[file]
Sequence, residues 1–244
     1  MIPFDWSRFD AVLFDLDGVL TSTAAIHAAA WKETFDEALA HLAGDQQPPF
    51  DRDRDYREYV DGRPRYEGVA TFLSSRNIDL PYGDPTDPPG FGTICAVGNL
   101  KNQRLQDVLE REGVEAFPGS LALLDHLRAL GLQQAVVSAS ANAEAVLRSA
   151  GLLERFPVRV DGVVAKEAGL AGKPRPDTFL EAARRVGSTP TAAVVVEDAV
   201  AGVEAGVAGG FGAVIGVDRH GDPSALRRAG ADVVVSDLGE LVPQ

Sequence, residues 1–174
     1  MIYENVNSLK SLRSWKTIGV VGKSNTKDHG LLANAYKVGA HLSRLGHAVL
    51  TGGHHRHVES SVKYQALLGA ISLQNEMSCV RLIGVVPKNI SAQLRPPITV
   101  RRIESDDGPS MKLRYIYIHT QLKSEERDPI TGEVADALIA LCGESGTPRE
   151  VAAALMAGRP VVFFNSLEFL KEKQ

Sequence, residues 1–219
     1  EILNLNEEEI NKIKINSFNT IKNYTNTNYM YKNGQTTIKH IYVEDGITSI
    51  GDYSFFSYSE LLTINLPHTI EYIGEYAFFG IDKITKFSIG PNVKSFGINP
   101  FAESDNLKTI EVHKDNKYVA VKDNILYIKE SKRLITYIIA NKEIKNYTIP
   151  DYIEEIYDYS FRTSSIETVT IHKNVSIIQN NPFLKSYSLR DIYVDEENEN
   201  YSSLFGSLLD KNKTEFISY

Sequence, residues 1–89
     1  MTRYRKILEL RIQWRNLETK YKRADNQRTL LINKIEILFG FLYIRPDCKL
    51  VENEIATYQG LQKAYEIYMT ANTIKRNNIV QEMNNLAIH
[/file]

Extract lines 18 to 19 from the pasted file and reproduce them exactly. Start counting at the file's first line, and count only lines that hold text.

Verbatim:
Sequence, residues 1–89
     1  MTRYRKILEL RIQWRNLETK YKRADNQRTL LINKIEILFG FLYIRPDCKL